John Calvin's Teachings on Eternal Security and its Implication on Contemporary Church in Nigeria

No Thumbnail Available



Journal Title

Journal ISSN

Volume Title


Department of Religion and African Culture


Salvation is a Christian doctrine which finds its deepest meaning in the spiritual aspect of life. Its fulfillment is held vigorously in the death of Christ, and the highest goal of Christian commitment is to achieve salvation. In the 'Articles of faith and practice' of different churches, teachings on salvation vary in content but not in goal. This variation became unavoidable from the point of view of God's sovereignty and omnipotence. This variation was further compounded by the unanimity in the doctrines of churches that God is holy and has zero tolerance for sin. Within this context, two schools of thought emerged namely: Calvinism and Arminianism. In Calvinism, God offered irresistible grace to those whom He elected to save in the exercise of His sovereign power. \'Vhile in Arminianism God's grace was the source of redemption but could be resisted by people through free choice. The doctrine of ECWA and Baptist as their articles of faith and practice confirmed Calvinism. The Calvinist argument dovetails into the acceptance of the view that God remained the author of Christian conversion (Acts 11:18). Methods used were historical, interpretative and comparative. The historical was of need because the history of the concept needed analysis and to trace it to the contemporary church experience, interpretative by way of interpreting some theological concepts that are related to the concept of eternal security and comparative method was used to compare past and recent views of scholars for balanced viewpoints.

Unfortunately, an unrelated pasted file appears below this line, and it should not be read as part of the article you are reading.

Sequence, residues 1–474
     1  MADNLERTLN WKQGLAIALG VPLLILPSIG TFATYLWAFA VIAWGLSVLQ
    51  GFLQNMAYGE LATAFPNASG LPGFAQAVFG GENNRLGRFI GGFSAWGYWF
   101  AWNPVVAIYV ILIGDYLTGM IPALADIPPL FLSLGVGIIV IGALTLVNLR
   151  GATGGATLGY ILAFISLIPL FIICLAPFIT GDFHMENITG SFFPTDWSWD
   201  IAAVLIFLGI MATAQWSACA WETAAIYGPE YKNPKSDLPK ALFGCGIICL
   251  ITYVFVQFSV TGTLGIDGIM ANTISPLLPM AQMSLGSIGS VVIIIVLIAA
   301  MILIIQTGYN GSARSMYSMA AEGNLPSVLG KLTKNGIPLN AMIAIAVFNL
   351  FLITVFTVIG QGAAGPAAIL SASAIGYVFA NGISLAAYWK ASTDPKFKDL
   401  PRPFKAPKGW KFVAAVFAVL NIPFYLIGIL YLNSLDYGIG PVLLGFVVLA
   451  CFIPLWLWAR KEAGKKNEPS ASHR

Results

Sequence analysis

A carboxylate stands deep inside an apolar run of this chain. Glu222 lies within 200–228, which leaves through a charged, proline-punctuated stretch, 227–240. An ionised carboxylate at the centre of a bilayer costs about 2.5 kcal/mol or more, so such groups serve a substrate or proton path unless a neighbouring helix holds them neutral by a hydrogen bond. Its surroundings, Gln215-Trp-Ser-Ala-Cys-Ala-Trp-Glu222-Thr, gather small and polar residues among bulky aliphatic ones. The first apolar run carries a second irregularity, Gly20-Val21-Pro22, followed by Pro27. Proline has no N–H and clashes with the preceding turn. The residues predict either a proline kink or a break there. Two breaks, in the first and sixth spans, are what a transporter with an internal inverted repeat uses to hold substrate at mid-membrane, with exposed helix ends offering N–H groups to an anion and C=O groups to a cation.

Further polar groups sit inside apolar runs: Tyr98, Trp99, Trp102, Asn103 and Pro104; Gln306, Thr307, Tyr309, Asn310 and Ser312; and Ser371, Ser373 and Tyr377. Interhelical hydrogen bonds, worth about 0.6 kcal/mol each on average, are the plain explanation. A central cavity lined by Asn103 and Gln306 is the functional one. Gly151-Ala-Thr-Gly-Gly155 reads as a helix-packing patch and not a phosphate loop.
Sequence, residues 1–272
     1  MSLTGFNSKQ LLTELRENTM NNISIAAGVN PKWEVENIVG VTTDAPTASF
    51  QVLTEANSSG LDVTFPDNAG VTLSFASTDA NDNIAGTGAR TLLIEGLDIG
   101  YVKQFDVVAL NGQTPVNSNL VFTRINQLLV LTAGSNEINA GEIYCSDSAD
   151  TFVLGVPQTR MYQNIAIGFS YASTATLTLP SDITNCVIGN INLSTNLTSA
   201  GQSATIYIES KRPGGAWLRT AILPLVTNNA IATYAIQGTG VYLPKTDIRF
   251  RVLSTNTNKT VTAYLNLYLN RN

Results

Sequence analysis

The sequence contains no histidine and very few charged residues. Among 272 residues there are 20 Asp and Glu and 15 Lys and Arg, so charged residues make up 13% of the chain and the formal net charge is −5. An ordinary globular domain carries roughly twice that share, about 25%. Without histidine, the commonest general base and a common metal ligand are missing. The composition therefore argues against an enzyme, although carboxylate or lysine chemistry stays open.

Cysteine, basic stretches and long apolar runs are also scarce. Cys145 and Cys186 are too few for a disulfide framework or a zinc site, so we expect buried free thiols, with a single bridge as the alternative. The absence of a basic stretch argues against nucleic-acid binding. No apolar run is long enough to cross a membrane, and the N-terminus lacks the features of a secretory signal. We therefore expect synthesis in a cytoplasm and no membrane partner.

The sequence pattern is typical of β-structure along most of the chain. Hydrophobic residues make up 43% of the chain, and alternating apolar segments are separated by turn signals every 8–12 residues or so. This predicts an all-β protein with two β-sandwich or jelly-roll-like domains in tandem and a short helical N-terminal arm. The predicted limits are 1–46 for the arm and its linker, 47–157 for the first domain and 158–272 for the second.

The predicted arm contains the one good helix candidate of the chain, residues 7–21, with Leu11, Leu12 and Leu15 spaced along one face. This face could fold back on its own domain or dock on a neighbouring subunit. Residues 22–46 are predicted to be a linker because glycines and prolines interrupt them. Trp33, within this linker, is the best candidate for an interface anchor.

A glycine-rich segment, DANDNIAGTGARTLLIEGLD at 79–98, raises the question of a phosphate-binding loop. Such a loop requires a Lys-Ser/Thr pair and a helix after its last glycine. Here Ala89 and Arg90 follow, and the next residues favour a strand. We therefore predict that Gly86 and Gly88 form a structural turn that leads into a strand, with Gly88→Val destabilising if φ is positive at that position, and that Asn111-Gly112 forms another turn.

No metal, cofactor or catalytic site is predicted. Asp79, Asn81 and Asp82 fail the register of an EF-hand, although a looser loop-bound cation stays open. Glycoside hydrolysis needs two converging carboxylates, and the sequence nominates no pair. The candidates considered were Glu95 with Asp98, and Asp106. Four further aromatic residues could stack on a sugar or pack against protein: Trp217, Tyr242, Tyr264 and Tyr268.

Salvation, Predestination, Eternal Security, Reformation, Calvinism